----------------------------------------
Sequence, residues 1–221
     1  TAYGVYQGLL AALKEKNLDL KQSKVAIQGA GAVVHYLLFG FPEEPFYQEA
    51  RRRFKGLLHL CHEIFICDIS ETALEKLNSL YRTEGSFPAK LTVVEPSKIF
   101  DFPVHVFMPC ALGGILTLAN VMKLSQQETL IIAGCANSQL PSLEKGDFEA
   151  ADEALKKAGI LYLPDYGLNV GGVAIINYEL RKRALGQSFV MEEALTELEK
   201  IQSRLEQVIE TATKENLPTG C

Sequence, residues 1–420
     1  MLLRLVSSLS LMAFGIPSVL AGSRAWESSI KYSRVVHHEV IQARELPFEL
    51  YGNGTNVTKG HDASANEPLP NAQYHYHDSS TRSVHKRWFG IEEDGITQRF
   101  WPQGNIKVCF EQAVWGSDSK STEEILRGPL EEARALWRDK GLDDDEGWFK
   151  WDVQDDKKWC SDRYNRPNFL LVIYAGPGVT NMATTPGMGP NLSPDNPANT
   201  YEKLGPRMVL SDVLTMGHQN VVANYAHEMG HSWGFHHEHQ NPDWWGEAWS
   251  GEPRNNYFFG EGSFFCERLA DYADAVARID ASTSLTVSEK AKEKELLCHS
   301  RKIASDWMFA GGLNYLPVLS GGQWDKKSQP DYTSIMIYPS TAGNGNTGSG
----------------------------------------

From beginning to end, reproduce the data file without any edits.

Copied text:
Sequence, residues 1–221
     1  TAYGVYQGLL AALKEKNLDL KQSKVAIQGA GAVVHYLLFG FPEEPFYQEA
    51  RRRFKGLLHL CHEIFICDIS ETALEKLNSL YRTEGSFPAK LTVVEPSKIF
   101  DFPVHVFMPC ALGGILTLAN VMKLSQQETL IIAGCANSQL PSLEKGDFEA
   151  ADEALKKAGI LYLPDYGLNV GGVAIINYEL RKRALGQSFV MEEALTELEK
   201  IQSRLEQVIE TATKENLPTG C

Sequence, residues 1–420
     1  MLLRLVSSLS LMAFGIPSVL AGSRAWESSI KYSRVVHHEV IQARELPFEL
    51  YGNGTNVTKG HDASANEPLP NAQYHYHDSS TRSVHKRWFG IEEDGITQRF
   101  WPQGNIKVCF EQAVWGSDSK STEEILRGPL EEARALWRDK GLDDDEGWFK
   151  WDVQDDKKWC SDRYNRPNFL LVIYAGPGVT NMATTPGMGP NLSPDNPANT
   201  YEKLGPRMVL SDVLTMGHQN VVANYAHEMG HSWGFHHEHQ NPDWWGEAWS
   251  GEPRNNYFFG EGSFFCERLA DYADAVARID ASTSLTVSEK AKEKELLCHS
   301  RKIASDWMFA GGLNYLPVLS GGQWDKKSQP DYTSIMIYPS TAGNGNTGSG